There is a historical account of the Anaconda Mining Company located in Montana which tells how in 1863 a large group of prospectors set out from Bannock, Montana in search of gold. But the way was treacherous and they were unprepared. Many of them died on their journey. At some point along the way they were overtaken by Indians and all of their good horses were taken. After the attack several decided to return home to Bannock. What was funny was that as those that decided to go home, one of them picked up a little stone from a creek bed, cracked it open and found some gold. So they panned that creek and brought back home $50 worth of Gold which today would have been about 6000 dollars depending on the market. But here is where the story gets interesting.
As they entered town they vowed to each other not to breathe a word concerning this little gold strike they had discovered—and they kept their word. So here they were in the town of Bannock, holding on to this secret while they quietly equipped themselves with supplies for another prospecting trip. However, as they were set to leave they ran into a problem. They noticed that about three hundred men were following them. Did anybody say a word? Not one person had mentioned a thing. The account states, “The miners in town said their beaming faces gave them away.”1 I love this. These men thought they had succeeded because they didn’t squeak at all. What they didn’t count on was the countenance of joy coming through their faces; their inner delight betrayed their secret.
It’s difficult to hide a treasure; the more precious it is the more difficult to hide. It reminds me of the analogy Jesus gave about the Kingdom of Heaven. “The kingdom of heaven is like treasure that was hidden in a field. When a man found it, he hid it again. He was very happy. So he went and sold everything he had. And he bought that field.” (Matthew 13:44)* When I thought of the many Christian believers throughout my life who were negative, complainers and seemed to be rarely happy about anything even though they went to Church regularly I came up with another analogy. “The struggling Christian is like the man who decided that the treasure of the Kingdom of Heaven wasn’t really that valuable after all, and took it out of hiding and sold it at the local flea market so that he could buy a TV.”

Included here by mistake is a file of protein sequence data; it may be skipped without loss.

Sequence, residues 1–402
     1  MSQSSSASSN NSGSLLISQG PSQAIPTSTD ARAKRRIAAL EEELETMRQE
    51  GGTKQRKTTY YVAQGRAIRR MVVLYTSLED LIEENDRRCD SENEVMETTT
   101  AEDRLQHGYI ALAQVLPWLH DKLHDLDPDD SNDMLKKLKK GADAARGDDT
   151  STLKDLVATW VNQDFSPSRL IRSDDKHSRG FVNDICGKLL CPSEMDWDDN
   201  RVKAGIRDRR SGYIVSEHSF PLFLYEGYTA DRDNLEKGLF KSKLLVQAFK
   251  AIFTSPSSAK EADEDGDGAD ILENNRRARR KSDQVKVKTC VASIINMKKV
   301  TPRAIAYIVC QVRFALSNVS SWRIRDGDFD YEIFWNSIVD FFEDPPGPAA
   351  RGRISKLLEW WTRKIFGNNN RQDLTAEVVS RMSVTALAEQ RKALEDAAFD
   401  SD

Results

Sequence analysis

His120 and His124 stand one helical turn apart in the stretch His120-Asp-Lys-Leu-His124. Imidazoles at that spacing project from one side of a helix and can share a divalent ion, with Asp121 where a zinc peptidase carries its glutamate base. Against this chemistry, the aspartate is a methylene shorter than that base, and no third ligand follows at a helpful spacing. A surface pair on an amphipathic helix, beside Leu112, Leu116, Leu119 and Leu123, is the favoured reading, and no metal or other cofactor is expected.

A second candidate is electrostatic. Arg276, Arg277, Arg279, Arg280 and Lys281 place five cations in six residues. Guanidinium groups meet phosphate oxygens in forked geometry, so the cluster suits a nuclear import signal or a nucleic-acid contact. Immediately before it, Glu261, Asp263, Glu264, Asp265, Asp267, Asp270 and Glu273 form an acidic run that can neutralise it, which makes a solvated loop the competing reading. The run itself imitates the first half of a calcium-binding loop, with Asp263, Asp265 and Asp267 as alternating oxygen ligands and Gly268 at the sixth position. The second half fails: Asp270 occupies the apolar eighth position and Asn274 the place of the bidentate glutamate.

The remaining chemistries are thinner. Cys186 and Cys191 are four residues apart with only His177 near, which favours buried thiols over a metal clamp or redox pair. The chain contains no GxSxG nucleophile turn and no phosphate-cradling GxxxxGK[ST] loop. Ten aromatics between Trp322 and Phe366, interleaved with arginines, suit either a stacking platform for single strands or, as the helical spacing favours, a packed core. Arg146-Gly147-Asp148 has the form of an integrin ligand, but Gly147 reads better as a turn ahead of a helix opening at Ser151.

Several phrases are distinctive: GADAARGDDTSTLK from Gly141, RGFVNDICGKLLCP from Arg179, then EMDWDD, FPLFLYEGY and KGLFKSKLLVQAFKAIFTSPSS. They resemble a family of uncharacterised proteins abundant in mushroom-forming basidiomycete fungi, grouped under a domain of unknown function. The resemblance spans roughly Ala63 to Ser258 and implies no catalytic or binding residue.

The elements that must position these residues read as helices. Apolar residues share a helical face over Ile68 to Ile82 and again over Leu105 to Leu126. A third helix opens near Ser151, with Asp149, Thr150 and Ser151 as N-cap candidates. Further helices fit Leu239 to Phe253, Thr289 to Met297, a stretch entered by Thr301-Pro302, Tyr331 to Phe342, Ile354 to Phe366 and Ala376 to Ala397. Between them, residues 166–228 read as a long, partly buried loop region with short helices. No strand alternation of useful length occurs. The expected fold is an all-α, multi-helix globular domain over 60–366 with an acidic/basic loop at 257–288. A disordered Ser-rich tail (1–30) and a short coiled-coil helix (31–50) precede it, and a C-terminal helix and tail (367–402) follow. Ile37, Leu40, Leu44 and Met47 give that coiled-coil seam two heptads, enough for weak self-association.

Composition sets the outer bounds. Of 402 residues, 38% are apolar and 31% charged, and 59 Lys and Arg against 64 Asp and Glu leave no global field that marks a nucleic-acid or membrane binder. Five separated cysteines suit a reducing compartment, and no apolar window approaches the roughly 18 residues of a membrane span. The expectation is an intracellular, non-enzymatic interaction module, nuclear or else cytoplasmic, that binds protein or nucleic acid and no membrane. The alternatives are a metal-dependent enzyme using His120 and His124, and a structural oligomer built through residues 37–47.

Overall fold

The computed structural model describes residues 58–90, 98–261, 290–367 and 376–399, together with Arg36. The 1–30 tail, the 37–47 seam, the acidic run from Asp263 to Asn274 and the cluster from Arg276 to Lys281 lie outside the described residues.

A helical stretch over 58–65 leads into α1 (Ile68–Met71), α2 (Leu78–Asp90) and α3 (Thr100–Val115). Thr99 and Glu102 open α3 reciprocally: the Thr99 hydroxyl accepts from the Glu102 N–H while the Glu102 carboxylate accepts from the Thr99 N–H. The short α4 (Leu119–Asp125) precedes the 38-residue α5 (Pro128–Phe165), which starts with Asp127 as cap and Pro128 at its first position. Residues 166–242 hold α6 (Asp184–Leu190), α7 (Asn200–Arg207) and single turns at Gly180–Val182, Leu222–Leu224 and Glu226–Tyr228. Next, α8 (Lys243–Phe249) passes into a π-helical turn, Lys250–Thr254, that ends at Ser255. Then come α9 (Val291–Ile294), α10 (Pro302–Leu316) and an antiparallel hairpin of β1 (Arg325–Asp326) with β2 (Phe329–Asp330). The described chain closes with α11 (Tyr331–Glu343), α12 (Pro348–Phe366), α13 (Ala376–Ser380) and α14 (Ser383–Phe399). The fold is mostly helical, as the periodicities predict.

It is important to consider the joy we should be experiencing because of the Holy Spirit residing in our life. Something doesn’t seem quite right if Christian believers lose their joy as they struggle against life, disappointments and sorrows, which fall upon all mankind. Shouldn’t there be something extra within us because of our connectedness to God in the spiritual dimensions of our life. It seems that the joy Christ wanted to give to us, a unique joy–“not as the world gives…” is really a misunderstood concept for many Christians.
All of us, in fact every person on the planet experiences feelings of happiness when happy things happen. That is natural and to be expected. And when Jesus spoke about joy to his audience, it seemed as if He knew they might have a small inkling of what He was talking about; as if to say, “You know what joy feels like, but have you ever experienced joy at such a depth that it would affect your countenance in the darkest of circumstances; this is the joy I can show you.” Throughout the Old Testament, the writings of David and of Moses lean into this deeper joy. It was a joy sourced in the knowledge that God was always near and protective…even when surrounded by ten thousand enemies bigger and stronger than yourself.
In other words, the presence of God was a joy for those who loved God precisely because they knew He would never abandon them…that He was prepared to be their defender, their security, their shield and their fortress. The joy of the Lord (and His presence) would be their strength (Nehemiah 8:10). How would these devoted followers of God experience this joy? It would be through their faith; or more precisely the “exertion” of their faith. The activity of faith so pleases God that when we trust Him, His Spirit actually supplies us with a needed and wanted emotional and determined strength. This is a happiness of a different sort than what the world has to offer, and above what we think we can create within ourselves.